BY CELYNNE HINZMANN
Celynne Hinzmann writes literary fiction short stories, essays and novellas. Copyright is held by the author.
LISA’S FEET are so cold they’ve gone numb, which has at least stopped the pins and needles from stabbing her, and almost keeps her from noticing how cold the rest of her is too. Lisa’s been following Dad and the dog, which is too stupid to notice the cold, through this arctic forest for hours! Well, at least one anyway. Apparently rabbits are too smart to be out in the cold. Which is good, Dad assures her, they aren’t looking for the ones that are out, they’re looking for the rabbits that are in. Got a little visitor for them, Dad says. The visitor doesn’t stink so bad in the cold, that’s at least one good thing about being out here in this frozen wilderness, ’cuz goodness knows that ferret stinks to high heaven the rest of the time.
Mom says if the smell gets any worse the cage is coming outta the back porch and going back into the garden shed, worst deep freeze winter in 20 years or not. If Mom thinks the smell’s bad in the rest of the house, she should try it from Lisa’s room, right next to the back porch. But the overpowering funky stench isn’t even the worst of it. Lisa can hear that creepy critter out there all night long, chewing with its huge fangs on the wood of its cage. She knows it’s only a matter of time before it works its way right through the wall that separates them and she wakes up in the middle of the night with those evil little beady eyes staring at her from the foot of her bed while it gnaws on her toes.
Only Dad never seems to mind the smell, he actually likes that stinky little varmint; he’s named it “Snoopy” and thinks it’s cute and funny. Then again, Dad like rabbit stew, too. He’s so weird. Wonder how bad it smells inside Dad’s jacket right now, where he carries the horrible little rat around so it can keep warm. Looks like a pile of snakes squirming in there as it runs free range over Dad’s arms and tummy, poking its head outta the zipper opening every now and again, making Dad look like he’s got a neck tumour with fur and buck teeth.
Finally the stupid dog picks up a scent, and leads them to some tracks. They follow the tracks for what seems like forever, and then find a little hole, cleverly hidden in the snow. Dad scouts around for another agonisingly long time until he finds the other one, about 30 feet away. They always leave an escape, he explained to Lisa last night at supper when he was telling her all about the “big adventure” he was taking her on today. Just as Dad planned, he stations Lisa at the escape hole, with the rough burlap sack held in her popsicle fingers, and the stupid dog for backup. Dad runs back to the first hole where he fishes around in his jacket until he finally catches the squirmy, writhing rodent, and sets him at the edge of the hole. Snoopy twitches his ugly nose a few times, circles the hole once, then disappears in a puff of powdery snow.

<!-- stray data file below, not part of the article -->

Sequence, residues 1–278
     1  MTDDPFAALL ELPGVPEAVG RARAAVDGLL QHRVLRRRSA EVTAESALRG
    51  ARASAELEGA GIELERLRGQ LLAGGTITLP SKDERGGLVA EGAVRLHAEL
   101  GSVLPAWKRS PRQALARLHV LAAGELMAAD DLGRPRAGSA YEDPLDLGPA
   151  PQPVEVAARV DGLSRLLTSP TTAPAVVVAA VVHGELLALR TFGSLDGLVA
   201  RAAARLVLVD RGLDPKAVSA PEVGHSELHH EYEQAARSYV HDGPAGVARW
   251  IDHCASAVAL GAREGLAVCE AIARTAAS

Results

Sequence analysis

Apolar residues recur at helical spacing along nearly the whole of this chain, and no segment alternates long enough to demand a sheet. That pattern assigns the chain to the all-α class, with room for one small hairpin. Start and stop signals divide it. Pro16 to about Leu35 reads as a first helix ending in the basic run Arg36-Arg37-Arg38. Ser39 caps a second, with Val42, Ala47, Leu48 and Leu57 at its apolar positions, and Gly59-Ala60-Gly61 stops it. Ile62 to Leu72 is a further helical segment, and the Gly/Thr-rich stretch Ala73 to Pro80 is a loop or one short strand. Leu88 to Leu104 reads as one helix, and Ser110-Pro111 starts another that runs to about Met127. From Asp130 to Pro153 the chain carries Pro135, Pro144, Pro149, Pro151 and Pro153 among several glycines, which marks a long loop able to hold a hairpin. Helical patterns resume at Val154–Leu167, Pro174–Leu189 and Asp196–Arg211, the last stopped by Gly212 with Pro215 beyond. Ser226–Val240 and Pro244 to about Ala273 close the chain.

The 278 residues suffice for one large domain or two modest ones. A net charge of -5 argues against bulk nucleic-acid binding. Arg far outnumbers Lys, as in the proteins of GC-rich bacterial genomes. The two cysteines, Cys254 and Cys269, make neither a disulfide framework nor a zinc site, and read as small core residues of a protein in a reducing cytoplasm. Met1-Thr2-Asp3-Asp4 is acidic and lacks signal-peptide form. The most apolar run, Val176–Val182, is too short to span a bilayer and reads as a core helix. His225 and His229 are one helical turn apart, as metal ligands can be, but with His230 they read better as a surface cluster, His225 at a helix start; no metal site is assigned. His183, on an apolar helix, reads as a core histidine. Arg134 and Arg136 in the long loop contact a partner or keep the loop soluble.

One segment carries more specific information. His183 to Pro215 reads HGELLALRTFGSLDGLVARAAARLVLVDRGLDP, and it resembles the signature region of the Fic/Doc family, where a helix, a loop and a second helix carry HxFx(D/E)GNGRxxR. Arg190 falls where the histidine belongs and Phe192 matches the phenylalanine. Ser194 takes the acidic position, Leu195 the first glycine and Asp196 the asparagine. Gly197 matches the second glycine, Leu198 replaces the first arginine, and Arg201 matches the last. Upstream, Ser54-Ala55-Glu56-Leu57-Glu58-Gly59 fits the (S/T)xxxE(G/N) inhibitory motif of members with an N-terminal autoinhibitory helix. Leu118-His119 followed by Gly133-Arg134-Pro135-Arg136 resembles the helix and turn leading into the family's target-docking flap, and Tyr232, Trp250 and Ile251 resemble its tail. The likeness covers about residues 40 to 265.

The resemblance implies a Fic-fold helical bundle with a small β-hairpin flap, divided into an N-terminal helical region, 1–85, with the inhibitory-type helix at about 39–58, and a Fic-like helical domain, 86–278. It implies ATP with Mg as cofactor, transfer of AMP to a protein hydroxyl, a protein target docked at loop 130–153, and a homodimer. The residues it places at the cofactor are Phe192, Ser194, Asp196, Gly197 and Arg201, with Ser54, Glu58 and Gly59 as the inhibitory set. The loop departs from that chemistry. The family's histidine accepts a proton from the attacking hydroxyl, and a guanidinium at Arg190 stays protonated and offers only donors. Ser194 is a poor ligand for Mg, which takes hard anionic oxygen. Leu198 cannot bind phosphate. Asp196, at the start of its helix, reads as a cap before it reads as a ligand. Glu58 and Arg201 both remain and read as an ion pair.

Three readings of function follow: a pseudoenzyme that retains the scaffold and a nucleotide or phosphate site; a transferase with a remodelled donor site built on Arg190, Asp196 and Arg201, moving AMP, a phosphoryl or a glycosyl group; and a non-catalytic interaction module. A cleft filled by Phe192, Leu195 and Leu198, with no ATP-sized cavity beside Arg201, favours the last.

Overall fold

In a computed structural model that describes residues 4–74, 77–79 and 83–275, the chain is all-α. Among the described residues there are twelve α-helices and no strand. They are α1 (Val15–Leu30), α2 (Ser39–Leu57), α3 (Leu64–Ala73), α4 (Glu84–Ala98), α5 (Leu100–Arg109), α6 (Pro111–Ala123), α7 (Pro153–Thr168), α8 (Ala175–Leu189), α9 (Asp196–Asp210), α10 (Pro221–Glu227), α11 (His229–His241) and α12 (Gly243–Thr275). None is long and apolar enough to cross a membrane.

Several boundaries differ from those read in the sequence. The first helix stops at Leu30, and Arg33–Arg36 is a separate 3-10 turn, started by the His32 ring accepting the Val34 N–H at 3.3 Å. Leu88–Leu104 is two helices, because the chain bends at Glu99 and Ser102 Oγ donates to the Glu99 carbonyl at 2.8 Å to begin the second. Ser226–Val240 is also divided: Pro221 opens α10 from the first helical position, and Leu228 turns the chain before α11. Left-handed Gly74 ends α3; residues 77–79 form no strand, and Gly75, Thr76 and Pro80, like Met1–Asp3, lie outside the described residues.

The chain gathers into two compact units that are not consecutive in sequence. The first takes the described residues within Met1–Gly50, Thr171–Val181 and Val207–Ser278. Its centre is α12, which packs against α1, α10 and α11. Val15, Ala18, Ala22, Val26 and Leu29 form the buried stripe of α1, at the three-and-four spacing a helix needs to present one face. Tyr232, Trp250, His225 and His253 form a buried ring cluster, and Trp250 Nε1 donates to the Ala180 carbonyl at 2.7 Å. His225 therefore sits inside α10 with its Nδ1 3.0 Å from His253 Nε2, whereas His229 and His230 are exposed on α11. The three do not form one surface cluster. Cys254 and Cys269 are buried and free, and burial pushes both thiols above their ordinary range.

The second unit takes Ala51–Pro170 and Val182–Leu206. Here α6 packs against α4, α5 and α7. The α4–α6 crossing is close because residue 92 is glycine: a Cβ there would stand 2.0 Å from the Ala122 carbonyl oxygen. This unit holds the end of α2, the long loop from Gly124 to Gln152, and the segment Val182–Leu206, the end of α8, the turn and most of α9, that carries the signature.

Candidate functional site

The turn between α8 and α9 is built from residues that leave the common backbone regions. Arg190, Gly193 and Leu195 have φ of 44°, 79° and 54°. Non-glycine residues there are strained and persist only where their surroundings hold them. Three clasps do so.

For a minute Lisa’s not sure anything is gonna happen — but then it starts! She can feel as much as hear the commotion heading her way. The ground rumbles and shakes, the dog tenses, Lisa holds the bag tight as she can to the ground, and just as the ruckus is about to reach her…. she lifts the bag up, just a little. Off like a shot, into the forest they go! Two brown bunnies, one smelly ferret, one barking dog and one shouting Dad. Who knew he could run that fast? He’s almost 30 for heaven’s sake.
Wonder if a rabbit can out run a dog? She hopes so. Wonder if Dad can out run a ferret? She hopes not, ’cuz then she’ll have to come up with a whole new plan to get rid of that smelly nightmare. Dad’s not likely to risk taking her on any more “big adventures” any time soon. Oh well. She wipes the snot-sicle off the end of her nose with the back of her frozen mitten. Might as well start following the tracks in the snow back towards home. Mom’ll make her some hot chocolate and help iron out a story about the bag slipping out of her cold fingers before Dad gets home. She doesn’t like rabbit stew either.